The MTV series Scream, based on the hit horror franchise, follows what happens after a cyber-bullying incident results in a brutal murder and the shocking violence stirs up memories of a killing spree from the past. Now, a group of local teens will quickly become victims or suspects, as secrets are revealed that could tie some of them a little too closely a killer who’s out for blood. The show stars Willa Fitzgerald, Bex Taylor-Klaus, Carlson Young, Amadeus Serafini, John Karna, Connor Weil, Tracy Middendorf and Jason Wiles.
During this exclusive phone interview with Collider, showrunners Jill Blotevogel and Jaime Paglia talked about finding an idea that could work for TV, keeping the viewers guessing about when the next person might die, having a long-term plan while keeping things flexible, their process for designing the new mask, whether they ever thought about bringing back any of the characters from the films, how Emma is a different heroine from Sidney Prescott (Neve Campbell), and how they might approach that killer reveal. Be aware that there are some spoilers.
Collider: How did you guys end up bringing Scream to life for TV, and did it take some convincing for you to realize it could actually be done?
JILL BLOTEVOGEL: Scream has actually been in development with the Weinstein Company, Dimension and MTV for about two years. They had some attempts at different ways to do it, and there were a lot of different ideas for how to do it. I was brought in to take a script that went down a different path that was a little more supernatural. I know that’s what was in all of the early press releases about it. And it really came down, to make it feel like Scream, that Scream is about a real physical killer and the mask that he wears. It was about getting that meta tone down, the humor, and really tapping into the idea of technology and how kids today make themselves incredibly vulnerable with what they expose about themselves on the internet, and how we all wear masks by what we put out on social media, with the photos we put out there and the information that we release.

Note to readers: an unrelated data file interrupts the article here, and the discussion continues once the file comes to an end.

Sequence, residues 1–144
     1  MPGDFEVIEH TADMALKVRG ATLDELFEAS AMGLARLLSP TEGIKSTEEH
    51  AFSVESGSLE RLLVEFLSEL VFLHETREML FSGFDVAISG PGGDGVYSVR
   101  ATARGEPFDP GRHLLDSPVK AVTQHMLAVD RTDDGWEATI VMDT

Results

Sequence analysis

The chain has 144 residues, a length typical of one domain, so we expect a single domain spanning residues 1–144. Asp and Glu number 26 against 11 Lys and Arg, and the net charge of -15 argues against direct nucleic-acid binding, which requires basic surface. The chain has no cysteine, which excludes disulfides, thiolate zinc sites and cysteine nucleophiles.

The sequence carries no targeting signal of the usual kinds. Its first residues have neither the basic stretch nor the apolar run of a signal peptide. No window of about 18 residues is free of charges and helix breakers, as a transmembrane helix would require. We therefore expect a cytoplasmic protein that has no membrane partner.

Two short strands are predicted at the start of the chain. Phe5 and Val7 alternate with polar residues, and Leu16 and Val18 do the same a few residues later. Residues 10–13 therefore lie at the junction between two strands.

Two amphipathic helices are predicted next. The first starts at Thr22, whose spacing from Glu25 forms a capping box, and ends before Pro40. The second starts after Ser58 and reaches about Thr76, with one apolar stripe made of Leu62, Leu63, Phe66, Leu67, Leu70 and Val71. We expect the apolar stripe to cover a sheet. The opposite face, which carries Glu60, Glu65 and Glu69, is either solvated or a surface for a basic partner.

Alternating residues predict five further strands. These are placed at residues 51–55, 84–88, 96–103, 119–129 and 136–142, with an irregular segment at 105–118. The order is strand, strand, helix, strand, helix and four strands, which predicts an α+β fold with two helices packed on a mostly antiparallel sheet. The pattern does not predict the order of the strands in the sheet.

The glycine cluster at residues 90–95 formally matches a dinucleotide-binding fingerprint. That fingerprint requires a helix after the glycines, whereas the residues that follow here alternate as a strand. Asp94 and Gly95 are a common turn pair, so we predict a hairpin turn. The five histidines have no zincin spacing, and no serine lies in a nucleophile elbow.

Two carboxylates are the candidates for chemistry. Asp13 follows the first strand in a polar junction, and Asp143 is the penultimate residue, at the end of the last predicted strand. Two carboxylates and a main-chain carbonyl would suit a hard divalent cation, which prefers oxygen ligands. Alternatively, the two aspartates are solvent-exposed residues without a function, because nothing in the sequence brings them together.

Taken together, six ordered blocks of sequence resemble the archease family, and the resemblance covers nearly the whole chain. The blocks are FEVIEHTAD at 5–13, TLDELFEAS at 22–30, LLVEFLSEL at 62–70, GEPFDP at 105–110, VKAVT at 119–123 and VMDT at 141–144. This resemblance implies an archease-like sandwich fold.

That was the way I got started, and the way I came at the opening sequence with Nina. Snapchat just scares the shit out of me. It’s so creepy and so exposing. There’s just something about it that freaks me out, so that was where I started off with Nina and her kill. And then, once I got through that, I realized that this opening kill, instead of just being a jumping off point for a blood bath, for a TV series, it really had to mean a lot more. I compare it to the Laura Palmer murder in the opening of Twin Peaks. It’s something that we can dig into a little deeper in TV because we have more time. So, that’s what I pitched. And I also pitched that there was this past incident that had happened in this town, and I wanted to tap into the real mythology of horror movies for this TV series.
And so, once I gave them this idea of something in the past that is powering this killer who’s acting in the present, or is inspiring him or her, all of the people at MTV and Dimension really got excited by that idea. By connecting our main character’s mother to that past incident, I essentially made her the Sidney Prescott of her generation, and Emma is our present-day one. It provided a nice framework that showed them what kind of legs a series could have, instead of just trying to do a horror movie as a pilot. You can’t do that. It’s gotta be Chapter 1. So, I wrote it and we produced the pilot last August in Los Angeles, and we put together a great cast. Ironically, or not ironically, Jaime [Paglia] had been someone that I had worked with on his series, Eureka, and he also had been one of the writers who had been brought in to look at this script that needed to be fixed because of this idea that wasn’t quite working.
JAIME PAGLIA: At the time, I saw the challenges. It didn’t really have the DNA, at that point. I think it was missing the Scream DNA, on the path that they were working on. So, I gave them my thoughts, but at the time, really was not able to work on it. As it turns out, when Jill came on, she had essentially taken the same notes that I had on the original version that they were working from, and then she executed them in a way that I think just really captured what was missing. So, a year after it had come my way, they came back around ‘cause they were looking for someone to partner with Jill. I looked at what she did and was like, “All right, that’s it. It’s possible now.” And then, we spent some time re-conceiving the mythology, and I had brought in some of my own thoughts, based on what she had done on the pilot, to get us some new options to play with. That all became part of how we ended up doing this together.
Is it fair to say that, after that flashy initial killing, we’ll have a bit of a break to get to know these characters before you start killing off more people?